Fourth graders get the Big Idea. At this morning’s meeting they identified the commonalities between a gall and a wildlife sanctuary. “At Wheeler Bay animals are safe, and they can survive there.” “A gall can keep you warm, and it’s insulated during the winter.” “A sanctuary is a habitat. All kinds of animals can live there safely.”
Then we asked them how humans can care for animals. “Jocelyn said they don’t always mow the lawn so ducks can eat the grass.” “They don’t care if squirrels eat the bird food.” “They make bird houses and bring in sand for the turtles to lay their eggs.” “They made a bridge so that eels can leap over and then drop down into the stream.” “They made bat houses hoping that bats might come there.” We were impressed by kids’ connections and inferences.
After Avis demonstrated how to draw an animal portrait, the class dove into their individual creature investigations. Each child worked first on the whole and then zoomed in to make its features. When they took a look at their peers’ work they couldn’t help but marvel at the the accuracy of classmates’ representations. What kids had to say at the end of their first morning of animal exploration was just as astounding.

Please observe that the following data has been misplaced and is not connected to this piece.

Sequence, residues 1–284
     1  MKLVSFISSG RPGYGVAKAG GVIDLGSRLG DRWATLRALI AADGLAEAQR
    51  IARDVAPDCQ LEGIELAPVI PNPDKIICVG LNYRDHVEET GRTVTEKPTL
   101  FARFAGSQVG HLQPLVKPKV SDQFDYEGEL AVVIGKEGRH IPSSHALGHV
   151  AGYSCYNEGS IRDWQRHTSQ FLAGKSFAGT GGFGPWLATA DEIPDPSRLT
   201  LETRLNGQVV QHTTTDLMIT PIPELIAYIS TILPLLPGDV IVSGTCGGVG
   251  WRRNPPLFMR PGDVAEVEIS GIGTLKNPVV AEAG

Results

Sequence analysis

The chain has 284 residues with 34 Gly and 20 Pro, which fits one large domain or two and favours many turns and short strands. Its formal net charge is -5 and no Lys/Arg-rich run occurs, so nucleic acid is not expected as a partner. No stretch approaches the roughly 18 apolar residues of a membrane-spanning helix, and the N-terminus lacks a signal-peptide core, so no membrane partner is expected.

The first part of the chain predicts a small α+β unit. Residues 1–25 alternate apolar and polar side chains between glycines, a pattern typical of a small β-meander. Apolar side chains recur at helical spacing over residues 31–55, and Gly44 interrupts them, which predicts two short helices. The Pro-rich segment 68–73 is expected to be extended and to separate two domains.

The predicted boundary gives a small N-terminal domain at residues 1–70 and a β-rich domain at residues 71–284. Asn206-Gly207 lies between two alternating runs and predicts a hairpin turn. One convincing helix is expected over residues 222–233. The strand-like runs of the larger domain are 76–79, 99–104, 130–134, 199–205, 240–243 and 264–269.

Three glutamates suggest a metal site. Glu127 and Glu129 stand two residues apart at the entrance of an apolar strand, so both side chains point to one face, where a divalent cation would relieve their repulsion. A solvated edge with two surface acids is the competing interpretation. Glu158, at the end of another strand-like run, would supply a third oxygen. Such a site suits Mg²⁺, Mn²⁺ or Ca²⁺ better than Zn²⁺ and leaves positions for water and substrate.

“When the snapping turtle opens its mouth it has a little beak.” “I used a lot of brown and some reddish brown on my American kestrel.” “The bobcat gets its name from its short tail.” “Wolves all have ranks in their packs. They get them when they get older. The male alpha has a higher rank than the female alpha.” “I found out that dragonflies don’t have antennae.”
We heard kids talk about being persistent and making multiple tries. We saw them ask for help on their animal’s features. Mrs. MacCaffray sang their praises,“Look what you can do when you really focus in!”
With respect and delight, Nancy, Susan, Avis, Alanna, and Dee